The 14 scientific experiments were (1) frog egg growth under zero-g, (2) synoptic terrain photography, (3) synoptic weather photography, (4) nuclear emulsions, (5) airglow horizon photography, (6) UV astronomical photography, and (7) dim sky photography. Two micrometeorite collection experiments, as well as three space phenomena photography experiments, were not fully completed.
The capsule was controlled on reentry by computer and splashed down 4.8 kilometers from its target. The crew were taken aboard the aircraft carrier USS Wasp.
The Gemini 12 mission was supported by the following U.S. Department of Defense resources; 9,775 personnel, 65 aircraft and 12 ships.
Postflight medical examination disclosed no unusual conditions in either astronaut. Both were slightly exhausted and dehydrated due to problems with the spacecraft's water supply system forcing them to reduce their fluid intake on the last day of the mission and Lovell had a mild case of pinkeye.
The patch's unique orange and black colors are a link to the flight's original scheduled date close to Halloween. The Roman numeral XII is located at the 12 o'clock position on the face of a clock, with the Gemini spacecraft pointing to it like the hour hand of a clock. This represents the position of Gemini 12 as the last flight of the Gemini program. With the Apollo project following this last flight of the Gemini program, the ultimate objective—the Moon—is symbolized by the crescent on the left.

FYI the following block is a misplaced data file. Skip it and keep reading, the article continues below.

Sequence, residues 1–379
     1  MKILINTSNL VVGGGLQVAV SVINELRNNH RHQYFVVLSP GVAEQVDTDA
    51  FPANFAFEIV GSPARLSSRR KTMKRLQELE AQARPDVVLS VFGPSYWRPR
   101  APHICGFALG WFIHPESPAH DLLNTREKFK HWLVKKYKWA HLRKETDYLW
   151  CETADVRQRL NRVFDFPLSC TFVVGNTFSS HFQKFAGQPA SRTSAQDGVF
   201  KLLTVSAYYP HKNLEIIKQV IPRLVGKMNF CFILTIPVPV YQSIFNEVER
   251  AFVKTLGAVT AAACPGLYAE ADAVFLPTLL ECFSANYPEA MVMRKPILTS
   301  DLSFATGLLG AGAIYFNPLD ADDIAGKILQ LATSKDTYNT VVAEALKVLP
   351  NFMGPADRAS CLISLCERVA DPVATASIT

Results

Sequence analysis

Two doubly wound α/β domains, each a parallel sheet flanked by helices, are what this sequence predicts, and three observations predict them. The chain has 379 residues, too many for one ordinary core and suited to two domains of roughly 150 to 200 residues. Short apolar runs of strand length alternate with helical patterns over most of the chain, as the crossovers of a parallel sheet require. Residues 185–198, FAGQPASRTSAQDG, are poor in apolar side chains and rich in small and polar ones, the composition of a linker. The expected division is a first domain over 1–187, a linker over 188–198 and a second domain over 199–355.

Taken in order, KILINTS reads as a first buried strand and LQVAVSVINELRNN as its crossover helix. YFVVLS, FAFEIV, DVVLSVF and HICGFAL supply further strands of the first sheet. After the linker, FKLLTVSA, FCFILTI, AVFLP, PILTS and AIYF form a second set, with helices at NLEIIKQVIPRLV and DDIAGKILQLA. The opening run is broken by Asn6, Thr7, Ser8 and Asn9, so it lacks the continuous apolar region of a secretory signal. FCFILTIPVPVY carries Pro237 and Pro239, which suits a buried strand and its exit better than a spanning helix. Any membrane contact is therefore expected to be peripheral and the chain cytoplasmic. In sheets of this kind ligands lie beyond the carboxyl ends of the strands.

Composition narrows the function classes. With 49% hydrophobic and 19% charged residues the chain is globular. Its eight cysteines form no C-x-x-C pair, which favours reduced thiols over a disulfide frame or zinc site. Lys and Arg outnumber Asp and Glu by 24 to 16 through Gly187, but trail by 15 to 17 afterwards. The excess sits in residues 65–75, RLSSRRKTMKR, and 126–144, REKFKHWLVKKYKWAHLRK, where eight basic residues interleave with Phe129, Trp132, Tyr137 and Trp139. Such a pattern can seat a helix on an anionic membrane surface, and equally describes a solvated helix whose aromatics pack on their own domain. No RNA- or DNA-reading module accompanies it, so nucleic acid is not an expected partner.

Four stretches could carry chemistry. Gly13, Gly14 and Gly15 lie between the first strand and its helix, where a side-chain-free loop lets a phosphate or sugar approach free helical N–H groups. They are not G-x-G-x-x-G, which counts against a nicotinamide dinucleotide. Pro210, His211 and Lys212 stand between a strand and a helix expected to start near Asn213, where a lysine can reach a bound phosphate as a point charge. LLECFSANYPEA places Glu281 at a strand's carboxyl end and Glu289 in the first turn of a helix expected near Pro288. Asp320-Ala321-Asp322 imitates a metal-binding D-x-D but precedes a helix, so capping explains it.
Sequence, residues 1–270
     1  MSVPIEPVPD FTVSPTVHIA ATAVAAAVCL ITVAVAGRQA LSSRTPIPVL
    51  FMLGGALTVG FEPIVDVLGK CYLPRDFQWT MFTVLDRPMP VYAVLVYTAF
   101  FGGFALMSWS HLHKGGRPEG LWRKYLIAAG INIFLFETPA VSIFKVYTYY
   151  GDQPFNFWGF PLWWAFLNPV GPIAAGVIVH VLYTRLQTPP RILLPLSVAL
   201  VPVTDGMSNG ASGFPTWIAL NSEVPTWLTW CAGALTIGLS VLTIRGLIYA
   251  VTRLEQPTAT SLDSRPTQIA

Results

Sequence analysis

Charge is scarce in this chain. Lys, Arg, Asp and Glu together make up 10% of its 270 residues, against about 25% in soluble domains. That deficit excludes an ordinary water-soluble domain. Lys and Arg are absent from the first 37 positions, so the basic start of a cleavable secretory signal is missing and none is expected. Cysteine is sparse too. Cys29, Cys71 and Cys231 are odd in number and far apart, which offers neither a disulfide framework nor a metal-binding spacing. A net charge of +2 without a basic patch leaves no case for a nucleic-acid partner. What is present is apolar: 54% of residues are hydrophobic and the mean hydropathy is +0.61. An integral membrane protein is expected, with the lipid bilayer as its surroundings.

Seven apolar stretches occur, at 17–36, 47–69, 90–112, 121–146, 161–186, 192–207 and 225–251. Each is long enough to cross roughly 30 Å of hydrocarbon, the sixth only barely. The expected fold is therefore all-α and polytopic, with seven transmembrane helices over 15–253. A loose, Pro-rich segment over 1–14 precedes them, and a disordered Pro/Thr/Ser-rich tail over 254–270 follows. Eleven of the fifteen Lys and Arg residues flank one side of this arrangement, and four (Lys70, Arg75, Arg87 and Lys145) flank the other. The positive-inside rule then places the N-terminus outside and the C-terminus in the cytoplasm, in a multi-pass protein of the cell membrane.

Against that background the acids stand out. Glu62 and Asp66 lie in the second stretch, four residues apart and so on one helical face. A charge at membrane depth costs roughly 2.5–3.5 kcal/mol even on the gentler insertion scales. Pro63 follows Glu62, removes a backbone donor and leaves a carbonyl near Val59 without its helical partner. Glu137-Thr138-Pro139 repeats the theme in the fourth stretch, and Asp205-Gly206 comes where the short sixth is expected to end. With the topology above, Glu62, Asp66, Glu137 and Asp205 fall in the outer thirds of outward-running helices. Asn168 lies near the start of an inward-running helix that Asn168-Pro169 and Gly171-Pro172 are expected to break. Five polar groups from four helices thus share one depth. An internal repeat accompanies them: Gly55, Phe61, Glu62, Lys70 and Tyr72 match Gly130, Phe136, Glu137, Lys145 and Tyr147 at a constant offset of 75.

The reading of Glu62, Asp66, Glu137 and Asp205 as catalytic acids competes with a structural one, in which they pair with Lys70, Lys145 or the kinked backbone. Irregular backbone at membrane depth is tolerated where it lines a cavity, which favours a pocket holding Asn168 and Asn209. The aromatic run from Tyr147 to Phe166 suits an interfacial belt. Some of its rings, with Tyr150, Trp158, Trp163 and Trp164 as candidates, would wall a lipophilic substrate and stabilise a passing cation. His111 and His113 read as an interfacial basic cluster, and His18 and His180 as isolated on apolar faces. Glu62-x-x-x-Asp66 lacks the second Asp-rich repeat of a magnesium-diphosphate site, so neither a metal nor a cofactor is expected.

After several years at the Museum of Transport and Technology, in Auckland, New Zealand, the spacecraft was returned to the United States. It is now on display at the Adler Planetarium, Chicago, Illinois. Lovell and Aldrin were reunited with the spacecraft November 9, 2006 during the opening for Adler's "Shoot for the Moon" exhibit, almost 40 years after the mission launched.